The Payroll Report: Week of Oct. 30


PayClocker

Here is a roundup of payroll issues that occurred in the past week:

Federal

This week, House Republicans unveiled the Tax Cuts and Jobs Act (H.R. 1), which would make certain employer-provided benefits taxable and may affect some payroll processing systems, especially for Forms W-4.

The bill, released Nov. 2, would repeal the tax exclusion for dependent-care assistance, employee achievement awards, educational assistance and other benefits. The bill also would repeal the work opportunity tax credit, modify the Federal Insurance Contributions Act employer credit on tipped employee income, reduce the deductibility of entertainment expenses, and limit employer options in deducting executive pay in excess of $1 million a year.

Another provision of the bill eliminates the annual personal exemption amount, which may require payroll systems to be altered to no longer take into account withholding allowance amounts. Additionally, many states that have income tax withholding base withholding allowances on the federal Form W-4 to calculate state income tax withholding, so withholding taxes in those states also may be affected under the proposal.

Earlier in the week, the Labor Department confirmed that it plans to appeal a federal district court's recent ruling against the department's white-collar overtime final rule. The department would then ask that the matter be put on hold while it issues a new rulemaking, which potentially could include re-adjusting the salary threshold below which workers are eligible for overtime, it said in an Oct. 30 news release.

The department abandoned its original appeal after a federal district court issued an Aug. 31 ruling on consolidated cases that challenged the overtime final rule, invalidating the rule and holding that its revision to the minimum salary threshold exceeded the department's authority.

On Friday, the department rescinded final rules and guidance  that would have instructed prospective federal contractors on how to comply with now-defunct requirements that they disclose violations of 14 workplace laws including those related to federal wage and hour.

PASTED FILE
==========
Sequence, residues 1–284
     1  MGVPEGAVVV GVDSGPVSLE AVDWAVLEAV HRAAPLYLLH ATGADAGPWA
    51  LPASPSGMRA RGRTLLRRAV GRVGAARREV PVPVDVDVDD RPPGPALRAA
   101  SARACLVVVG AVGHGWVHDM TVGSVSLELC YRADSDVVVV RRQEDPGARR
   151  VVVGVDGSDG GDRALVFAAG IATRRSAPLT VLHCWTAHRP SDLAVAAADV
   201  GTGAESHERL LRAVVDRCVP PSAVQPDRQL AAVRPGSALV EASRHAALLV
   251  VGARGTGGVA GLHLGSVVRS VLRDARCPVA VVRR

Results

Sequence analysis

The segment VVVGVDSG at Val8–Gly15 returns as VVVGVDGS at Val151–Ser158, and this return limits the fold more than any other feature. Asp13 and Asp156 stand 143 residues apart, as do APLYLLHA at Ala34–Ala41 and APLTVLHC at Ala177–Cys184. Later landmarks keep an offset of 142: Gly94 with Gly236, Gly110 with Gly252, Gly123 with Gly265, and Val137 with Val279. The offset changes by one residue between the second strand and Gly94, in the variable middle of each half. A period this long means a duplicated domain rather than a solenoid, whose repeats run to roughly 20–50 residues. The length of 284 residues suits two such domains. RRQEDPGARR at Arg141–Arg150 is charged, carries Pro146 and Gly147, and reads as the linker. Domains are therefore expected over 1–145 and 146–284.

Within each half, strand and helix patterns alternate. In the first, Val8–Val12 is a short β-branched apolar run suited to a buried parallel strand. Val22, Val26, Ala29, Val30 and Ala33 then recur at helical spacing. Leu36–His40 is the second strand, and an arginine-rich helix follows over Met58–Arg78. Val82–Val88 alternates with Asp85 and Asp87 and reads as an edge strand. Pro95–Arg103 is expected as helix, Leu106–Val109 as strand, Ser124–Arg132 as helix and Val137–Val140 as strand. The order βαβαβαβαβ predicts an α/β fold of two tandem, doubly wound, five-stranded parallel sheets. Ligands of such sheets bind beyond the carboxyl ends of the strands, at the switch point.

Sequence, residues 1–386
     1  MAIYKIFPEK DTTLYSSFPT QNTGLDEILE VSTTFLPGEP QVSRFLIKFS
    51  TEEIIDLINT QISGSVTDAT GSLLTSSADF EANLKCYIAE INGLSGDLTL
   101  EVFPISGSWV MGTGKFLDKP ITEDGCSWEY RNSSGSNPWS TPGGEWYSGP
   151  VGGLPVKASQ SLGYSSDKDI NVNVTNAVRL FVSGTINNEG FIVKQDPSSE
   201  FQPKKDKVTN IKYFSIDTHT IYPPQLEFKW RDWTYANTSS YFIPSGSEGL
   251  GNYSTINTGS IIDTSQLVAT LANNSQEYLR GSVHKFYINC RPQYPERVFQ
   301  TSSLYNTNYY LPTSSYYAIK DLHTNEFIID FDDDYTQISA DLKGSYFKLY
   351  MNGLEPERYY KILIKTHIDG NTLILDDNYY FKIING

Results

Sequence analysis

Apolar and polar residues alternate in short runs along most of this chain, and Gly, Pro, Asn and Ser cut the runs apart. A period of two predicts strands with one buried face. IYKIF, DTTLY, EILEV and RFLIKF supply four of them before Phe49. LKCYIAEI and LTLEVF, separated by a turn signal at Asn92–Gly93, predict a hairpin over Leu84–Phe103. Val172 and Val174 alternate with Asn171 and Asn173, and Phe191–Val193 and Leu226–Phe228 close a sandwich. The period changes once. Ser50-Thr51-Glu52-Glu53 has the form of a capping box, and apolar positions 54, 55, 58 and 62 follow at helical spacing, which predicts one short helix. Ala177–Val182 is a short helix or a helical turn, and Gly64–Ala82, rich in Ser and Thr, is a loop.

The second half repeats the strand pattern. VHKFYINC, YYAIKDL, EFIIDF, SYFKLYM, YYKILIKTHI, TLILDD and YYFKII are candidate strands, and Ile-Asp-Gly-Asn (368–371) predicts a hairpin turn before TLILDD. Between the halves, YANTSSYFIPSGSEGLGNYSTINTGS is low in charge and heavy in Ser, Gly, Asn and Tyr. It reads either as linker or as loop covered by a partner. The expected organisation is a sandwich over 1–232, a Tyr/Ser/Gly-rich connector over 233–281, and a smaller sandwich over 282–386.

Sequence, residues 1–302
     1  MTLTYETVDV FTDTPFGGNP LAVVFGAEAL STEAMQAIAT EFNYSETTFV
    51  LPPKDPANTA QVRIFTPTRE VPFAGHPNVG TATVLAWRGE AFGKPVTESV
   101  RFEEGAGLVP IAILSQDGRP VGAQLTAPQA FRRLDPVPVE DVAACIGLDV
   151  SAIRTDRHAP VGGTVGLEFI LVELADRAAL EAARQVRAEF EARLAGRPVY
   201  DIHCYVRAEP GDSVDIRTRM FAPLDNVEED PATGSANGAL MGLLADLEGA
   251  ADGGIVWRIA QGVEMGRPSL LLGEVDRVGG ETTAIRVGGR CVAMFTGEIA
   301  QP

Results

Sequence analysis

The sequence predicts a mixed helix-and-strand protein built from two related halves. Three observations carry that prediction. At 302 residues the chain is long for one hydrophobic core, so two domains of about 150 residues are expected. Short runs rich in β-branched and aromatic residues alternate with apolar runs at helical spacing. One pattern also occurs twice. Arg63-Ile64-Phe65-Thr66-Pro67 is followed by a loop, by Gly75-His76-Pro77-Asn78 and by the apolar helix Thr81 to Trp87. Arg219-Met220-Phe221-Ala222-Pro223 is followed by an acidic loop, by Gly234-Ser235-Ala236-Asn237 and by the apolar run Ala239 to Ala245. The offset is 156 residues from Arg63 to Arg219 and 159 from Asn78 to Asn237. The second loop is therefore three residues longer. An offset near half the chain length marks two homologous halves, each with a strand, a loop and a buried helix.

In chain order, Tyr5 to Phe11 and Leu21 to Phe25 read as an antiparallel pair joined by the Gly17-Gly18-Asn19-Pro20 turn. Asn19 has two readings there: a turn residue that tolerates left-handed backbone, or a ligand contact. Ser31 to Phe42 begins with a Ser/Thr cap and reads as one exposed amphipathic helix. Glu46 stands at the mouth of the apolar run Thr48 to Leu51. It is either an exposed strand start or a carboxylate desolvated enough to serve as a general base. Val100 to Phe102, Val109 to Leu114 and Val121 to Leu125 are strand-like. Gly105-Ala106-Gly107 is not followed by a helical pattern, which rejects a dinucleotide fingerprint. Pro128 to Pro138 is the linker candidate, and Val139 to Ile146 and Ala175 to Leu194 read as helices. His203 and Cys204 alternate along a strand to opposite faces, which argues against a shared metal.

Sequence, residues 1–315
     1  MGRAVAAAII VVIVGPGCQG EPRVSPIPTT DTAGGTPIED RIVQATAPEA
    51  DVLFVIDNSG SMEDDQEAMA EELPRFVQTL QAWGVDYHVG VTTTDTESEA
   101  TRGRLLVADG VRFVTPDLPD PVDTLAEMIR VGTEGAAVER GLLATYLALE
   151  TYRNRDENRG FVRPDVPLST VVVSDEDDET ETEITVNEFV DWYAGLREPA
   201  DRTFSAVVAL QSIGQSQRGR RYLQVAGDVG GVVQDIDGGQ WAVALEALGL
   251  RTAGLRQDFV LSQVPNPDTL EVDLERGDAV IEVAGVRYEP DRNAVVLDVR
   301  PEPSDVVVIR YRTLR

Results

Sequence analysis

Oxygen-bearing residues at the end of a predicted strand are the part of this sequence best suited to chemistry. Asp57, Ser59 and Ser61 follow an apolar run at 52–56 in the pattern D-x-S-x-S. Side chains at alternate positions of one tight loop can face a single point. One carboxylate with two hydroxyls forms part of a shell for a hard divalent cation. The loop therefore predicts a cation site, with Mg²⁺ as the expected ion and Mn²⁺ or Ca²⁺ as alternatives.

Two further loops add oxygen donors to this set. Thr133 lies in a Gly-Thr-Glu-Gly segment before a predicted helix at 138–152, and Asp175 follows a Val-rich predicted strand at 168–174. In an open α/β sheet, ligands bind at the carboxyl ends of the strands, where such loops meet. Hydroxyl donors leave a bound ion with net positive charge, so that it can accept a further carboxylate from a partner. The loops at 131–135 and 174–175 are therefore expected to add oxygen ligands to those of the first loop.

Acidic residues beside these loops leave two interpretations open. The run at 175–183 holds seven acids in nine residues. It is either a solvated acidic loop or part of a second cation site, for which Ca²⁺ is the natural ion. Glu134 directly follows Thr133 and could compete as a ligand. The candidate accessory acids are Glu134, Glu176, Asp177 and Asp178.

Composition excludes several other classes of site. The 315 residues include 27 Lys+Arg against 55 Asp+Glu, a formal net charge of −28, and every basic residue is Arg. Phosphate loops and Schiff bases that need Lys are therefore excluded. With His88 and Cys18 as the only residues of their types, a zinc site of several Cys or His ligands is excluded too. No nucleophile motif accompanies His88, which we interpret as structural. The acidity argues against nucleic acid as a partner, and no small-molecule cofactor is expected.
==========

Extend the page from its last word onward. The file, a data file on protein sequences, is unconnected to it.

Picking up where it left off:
State

Maryland and New Jersey released tax data that may help employers prepare for 2018.

Maryland’s local income tax rates for 2018 were published Nov. 1. For 2018, the state is to use 14 brackets with these percentages: 1.75, 2.25, 2.40, 2.50, 2.60, 2.65, 2.80, 2.85, 2.90, 3, 3.05, 3.10, 3.15, and 3.20.

Maryland’s unemployment tax data for 2018, also released Nov. 1, is to be largely unchanged from 2017. The state’s unemployment-taxable wage base is to remain $8,500, tax rates for experienced employers are to continue to range from 0.3 to 7.5 percent, and the standard tax rate for new employers again is to be 2.6 percent.

However, the 2018 unemployment tax rate for new construction employers with headquarters in another state is to decrease to 5.4 percent from 6.6 percent.

New Jersey’s Department of Labor and Workforce announced some employee tax rates for 2018. For employees, the unemployment tax rate to be 0.425 percent, the temporary disability insurance tax rate is to be 0.19 percent, and the family-leave insurance tax rate is to be 0.09 percent.

JAZLYN WILLIAMS

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